Photo: Part of the Yellowstone River as it winds its way through Hayden Valley.
Photo: Part of the Yellowstone River as it winds its way through Hayden Valley.
Disclaimer: Beware – today I dive into a more technical piece of work versus my more poetic stuff 🙂
I always love it when new terms of art are coined. The coupling of words and formation of short phrases to describe something, a concept, possibly already known or possibly a new formulation. It seems to be the perpetual motion of researchers, politicians, and wordsmiths alike, to boil a concept down into a few short syllables to describe something of monumental proportions.
Well once the label or buzzword or soundbite is created, no one has any need to reference the material supporting it, or even read and digest it for that matter. It sort of becomes a “given.” It is a self-explanatory definition that generally becomes universally accepted.
It is the same philosophy journalists use when they try to tell the whole story in just the headline. Reading the story becomes superfluous, and with lowering attention spans many readers don’t make it past those headlines.
You might even compare this practice to that of our ancient ancestors drawing pictograms and petroglyphs on cave walls. Reducing an idea to its most elementary form in an attempt to communicate.
Actually, I think images may even be more powerful than words in the sense that they convey detail that encompasses all of the senses that can cross language barriers. Some days, I would prefer petroglyphs to the written and spoken language 😊
But, should simple or even complex phraseology be given such deference?
I’m not sure. Such practices have the potential to oversimplify. And in the case of journalists, many times their stories don’t match their headlines – not even close.
So where am I going with this? Well, I stumbled upon a new term this week involving our aging brains. “Neurocognitive Scaffolding.”
Living the in the mundane is definitely a death sentence.
Photo: Hiking in the mountains in the borderlands.
It’s been said that in order to write, one must read. And I get it. Not only do you learn how to compose by seeing other styles of writing and how words flow together, but you get ideas. And there are lots of ideas floating about out there.
Lately I’ve read some interesting blogs pointing out just how insignificant we, as humans, are. And I’ve read others about just how meaningful life is. I guess opposites attract 😊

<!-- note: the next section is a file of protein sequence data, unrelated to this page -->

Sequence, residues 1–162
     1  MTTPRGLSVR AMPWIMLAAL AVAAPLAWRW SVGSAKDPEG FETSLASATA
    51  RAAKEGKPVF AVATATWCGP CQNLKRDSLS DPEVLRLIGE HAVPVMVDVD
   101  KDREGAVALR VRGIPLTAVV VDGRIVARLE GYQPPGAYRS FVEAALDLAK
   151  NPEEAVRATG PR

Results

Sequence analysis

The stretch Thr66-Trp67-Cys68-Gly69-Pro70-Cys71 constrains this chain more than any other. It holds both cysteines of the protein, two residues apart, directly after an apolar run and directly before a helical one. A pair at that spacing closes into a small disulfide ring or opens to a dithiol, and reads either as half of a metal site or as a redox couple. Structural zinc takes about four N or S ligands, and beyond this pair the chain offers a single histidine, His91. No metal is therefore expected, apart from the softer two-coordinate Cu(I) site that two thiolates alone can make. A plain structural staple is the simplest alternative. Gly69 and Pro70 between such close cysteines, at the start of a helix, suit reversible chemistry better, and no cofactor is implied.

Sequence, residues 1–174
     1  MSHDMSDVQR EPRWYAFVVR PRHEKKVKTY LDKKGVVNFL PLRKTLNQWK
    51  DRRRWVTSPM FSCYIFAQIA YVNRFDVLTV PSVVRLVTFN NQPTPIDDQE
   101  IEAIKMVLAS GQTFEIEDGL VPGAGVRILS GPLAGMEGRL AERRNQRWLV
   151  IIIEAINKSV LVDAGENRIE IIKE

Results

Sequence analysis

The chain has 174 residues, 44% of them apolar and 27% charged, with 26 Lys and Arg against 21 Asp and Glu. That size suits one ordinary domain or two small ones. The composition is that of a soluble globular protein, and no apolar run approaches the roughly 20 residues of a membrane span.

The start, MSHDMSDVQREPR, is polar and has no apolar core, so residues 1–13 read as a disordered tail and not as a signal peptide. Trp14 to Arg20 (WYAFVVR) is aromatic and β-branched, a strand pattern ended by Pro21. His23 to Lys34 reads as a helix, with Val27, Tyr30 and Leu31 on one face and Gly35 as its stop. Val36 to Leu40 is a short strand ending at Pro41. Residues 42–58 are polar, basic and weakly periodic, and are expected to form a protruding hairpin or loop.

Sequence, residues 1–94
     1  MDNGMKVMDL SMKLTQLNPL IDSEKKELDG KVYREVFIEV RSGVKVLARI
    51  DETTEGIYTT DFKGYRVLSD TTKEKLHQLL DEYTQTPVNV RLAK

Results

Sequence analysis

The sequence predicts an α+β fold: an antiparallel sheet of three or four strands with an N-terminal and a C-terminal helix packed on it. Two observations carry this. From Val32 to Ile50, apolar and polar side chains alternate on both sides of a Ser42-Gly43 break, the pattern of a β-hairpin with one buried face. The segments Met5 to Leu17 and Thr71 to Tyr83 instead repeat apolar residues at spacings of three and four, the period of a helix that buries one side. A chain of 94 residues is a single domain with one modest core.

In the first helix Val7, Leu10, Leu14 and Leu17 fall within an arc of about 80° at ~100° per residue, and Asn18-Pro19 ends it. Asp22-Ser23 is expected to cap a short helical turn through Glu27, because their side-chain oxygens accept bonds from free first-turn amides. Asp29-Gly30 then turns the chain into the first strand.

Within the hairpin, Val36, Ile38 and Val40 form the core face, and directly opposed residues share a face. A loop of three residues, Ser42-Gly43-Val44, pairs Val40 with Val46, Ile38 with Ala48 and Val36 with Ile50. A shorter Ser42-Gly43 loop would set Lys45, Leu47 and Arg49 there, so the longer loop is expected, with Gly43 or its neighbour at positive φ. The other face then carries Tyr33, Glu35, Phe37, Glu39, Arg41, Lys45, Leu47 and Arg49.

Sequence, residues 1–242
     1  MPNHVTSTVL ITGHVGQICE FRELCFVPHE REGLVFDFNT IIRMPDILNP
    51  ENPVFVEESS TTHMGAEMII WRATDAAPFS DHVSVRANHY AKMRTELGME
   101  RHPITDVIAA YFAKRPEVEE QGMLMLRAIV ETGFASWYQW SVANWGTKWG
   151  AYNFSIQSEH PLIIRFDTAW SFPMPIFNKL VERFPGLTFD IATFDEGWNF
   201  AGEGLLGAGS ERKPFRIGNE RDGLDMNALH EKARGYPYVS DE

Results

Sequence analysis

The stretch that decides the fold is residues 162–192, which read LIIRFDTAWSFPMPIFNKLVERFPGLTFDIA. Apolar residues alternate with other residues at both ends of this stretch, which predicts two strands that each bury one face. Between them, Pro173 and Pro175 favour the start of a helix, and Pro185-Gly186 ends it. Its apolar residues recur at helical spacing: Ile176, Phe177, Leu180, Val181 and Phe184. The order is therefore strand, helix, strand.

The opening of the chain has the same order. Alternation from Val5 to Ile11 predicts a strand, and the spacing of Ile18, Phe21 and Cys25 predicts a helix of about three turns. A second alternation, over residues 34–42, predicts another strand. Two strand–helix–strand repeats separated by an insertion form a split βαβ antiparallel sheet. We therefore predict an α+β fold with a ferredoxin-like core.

Frankly, I’m torn, because these thought experiments bring me back to another interrelated concept and that is “purpose.”
Just what purpose are we supposed to fulfill? Or, stated another way, why are we here?
I was out of breath as I reached the top of the bluff. But it was worth the hike. I now had a falcon’s-eye view out over the South Fork of the Snake River. Absolutely beautiful.
The sprawling flood plain to the East was fully plowed and planted. Potatoes, wheat, and alfalfa. And maybe a few specialty crops lay low in the distance. Broccoli, cauliflower, rhubarb, and cabbage. Casting different hues of green. Forest green to fern, to mantis, to dark pastel, to castelton.
The wind picked up as I hit the fourth mile mark. The warm breeze wrapped around my face and lifted upward and to the East.
It had been a cool fifty degrees when I started my trek an hour and a half earlier, but once the sun crested thirty degrees above the horizon the temperature had been in a steady climb and was fueling the wind gusts that reminded you that the invisible vapor we breath is a powerful force. One not to misjudge. It is tornado season after all.
A number of days past, I made a post titled Wildflowers where I pondered the evolutionary adaptations of plants. How their beauty, shape, and the perfume of their flowers attract certain pollinators to ensure the propagation of their species.
Naturally, I simply enjoy their beauty, regardless of how it came to be. 😊
Then yesterday, I stumbled upon an article discussing the theories of “adaptive adornment” versus “arbitrary beauty.”* And I must admit, those terms are much more scientific and deliberately descriptive than my own ponderings.
It seems that Darwin had a second theory apart from natural selection – sexual selection.
Yesterday, my post was about the need to get back out into Nature to promote both our physical and mental health. What constituted the path to true happiness. The outward journey to inner healing.
So I felt the need to balance that today with this quote about the inward journey. This is the toughest journey of all. And it’s something we often try to avoid. It can be a scary trek, but it’s also the most rewarding. Making contact with our spiritual selves. Without all of the distractions from the external world.